Excuse Me: Who Are You?

J Curcio on 2018-06-25

An Analysis of Identity in Perfect Blue

In a world where we are expected to play a variety of conflicting roles, in which our lives are all interconnected, broadcast and dissected, we invariably develop situational identities. We are not one person, we are many people who go by the same name.

Though all of us deal with this in varying ways as we go through life, nowhere is it more of an issue than in pop culture. The long list of psychologically and emotionally fractured ex-teen stars is ample proof. “Who are you?” Mima asks of herself, in Satoshi Kon’s animated film. It is her first line in our ‘play within a play.’ It is a question that really seeks no answer, instead expressing the complete lack of a frame of reference.

Over a decade past its release, some of the devices of this film may now seem tired— websites pretending to portray the ‘real life’ of pop idols, obsessive paparazzi, frothing J-pop fans — however, many of the questions explored by Perfect Blue remain as vital as ever. In fact, it is possible they have become even more so as the line between reality and fiction continues to blur.

In many ways it seems downright prophetic. To the Facebook Generation, everything is either performance, or irrelevant. If you can’t photograph, blog, videotape or otherwise record something, it may as well not have happened. We’ve all heard the concert in this direction before: A.D.D. running rampant in our children, cultish obsession with actresses that only recently got their periods, on and on. I’m not about to contribute to all of that alarmist noise. However, it is rare that we take a step back and think about how all of these things are symptoms of underlying identity crisis, a crisis that actually transcends most of our other sexual, cultural or racial boundaries. The teen idol, acting out the pre-scripted, cut-out role, and their screaming fans are united in their lack of intrinsic identity. The former plays to the expectant dreams of the latter, yet neither of them actually are that illusion. When it shatters, there is nothing there. Playing to the expectation of a lover is ultimately no different than playing to the hopes of the audience. It is all acted in the mirror.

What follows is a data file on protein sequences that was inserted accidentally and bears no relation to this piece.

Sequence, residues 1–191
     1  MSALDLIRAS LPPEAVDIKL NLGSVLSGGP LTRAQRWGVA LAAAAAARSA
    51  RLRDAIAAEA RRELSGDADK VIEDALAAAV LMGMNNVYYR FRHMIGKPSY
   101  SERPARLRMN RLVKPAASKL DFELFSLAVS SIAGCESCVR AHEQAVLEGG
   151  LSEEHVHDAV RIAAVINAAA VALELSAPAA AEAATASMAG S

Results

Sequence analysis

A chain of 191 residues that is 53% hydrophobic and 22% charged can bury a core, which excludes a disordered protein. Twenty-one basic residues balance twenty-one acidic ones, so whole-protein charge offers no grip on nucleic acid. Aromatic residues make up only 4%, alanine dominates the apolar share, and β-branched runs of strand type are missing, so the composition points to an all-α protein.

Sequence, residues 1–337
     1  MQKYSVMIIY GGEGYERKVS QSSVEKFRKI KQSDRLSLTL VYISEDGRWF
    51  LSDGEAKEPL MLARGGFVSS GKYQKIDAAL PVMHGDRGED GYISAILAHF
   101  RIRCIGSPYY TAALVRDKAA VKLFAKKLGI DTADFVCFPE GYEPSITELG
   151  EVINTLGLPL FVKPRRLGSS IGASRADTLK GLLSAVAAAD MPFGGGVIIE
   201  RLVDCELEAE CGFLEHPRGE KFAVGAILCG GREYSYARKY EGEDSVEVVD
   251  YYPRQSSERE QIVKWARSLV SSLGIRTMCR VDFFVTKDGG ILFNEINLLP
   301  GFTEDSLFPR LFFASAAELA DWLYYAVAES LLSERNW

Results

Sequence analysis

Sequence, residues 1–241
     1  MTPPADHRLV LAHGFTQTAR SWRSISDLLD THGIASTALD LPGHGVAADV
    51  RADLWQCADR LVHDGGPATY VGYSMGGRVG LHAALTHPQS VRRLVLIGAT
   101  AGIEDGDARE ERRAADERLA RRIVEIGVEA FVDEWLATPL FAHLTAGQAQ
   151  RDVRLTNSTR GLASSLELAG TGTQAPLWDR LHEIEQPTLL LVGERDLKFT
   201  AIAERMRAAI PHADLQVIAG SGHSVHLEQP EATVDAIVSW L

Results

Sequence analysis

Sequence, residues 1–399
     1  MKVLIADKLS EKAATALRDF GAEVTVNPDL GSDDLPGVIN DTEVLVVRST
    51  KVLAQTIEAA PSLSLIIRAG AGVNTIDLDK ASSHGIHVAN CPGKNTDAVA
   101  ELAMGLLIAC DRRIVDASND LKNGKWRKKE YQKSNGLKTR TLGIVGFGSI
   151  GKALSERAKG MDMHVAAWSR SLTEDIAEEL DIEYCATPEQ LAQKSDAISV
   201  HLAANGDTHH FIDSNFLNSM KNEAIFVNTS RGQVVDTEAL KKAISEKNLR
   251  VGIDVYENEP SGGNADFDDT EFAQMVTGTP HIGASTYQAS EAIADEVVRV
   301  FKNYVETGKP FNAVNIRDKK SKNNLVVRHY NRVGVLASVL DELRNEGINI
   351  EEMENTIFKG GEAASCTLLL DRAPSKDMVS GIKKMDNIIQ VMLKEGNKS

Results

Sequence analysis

Is she Mima the pop star? Mima the actress? Mima the shy girl who loves her tetra fish? Unless if pantomiming is all it takes, the answer is “no.” She is none of the above, an infinite surface without depth.

Sure, there are several things about Perfect Blue that don’t quite hit the mark. The filmmakers probably could have made their point without busting the 4th wall every couple minutes once the film gets rolling. It may have gone further if Mima’s actress-persona developed an actual personality of its own.

However, despite its occasional stylistic heavy-handedness, this movie is positively brilliant for its ability to deal with the ‘heavy’ themes of identity and cultural expectation without being a ‘heavy’ movie. (It doesn’t hurt that the animation has the ambiance and grace of classic anime such as Akira.)

“Who are you?” Mima asks herself, never really finding an answer. Everyone in the film is united in their desire to be this perfect idol. This is the reality Perfect Blue gives us a glimpse of, although you see it anytime you turn on the television. Japanese or American, all of our cultures seem to meet at this crossroad: we are a planet of voyeurs.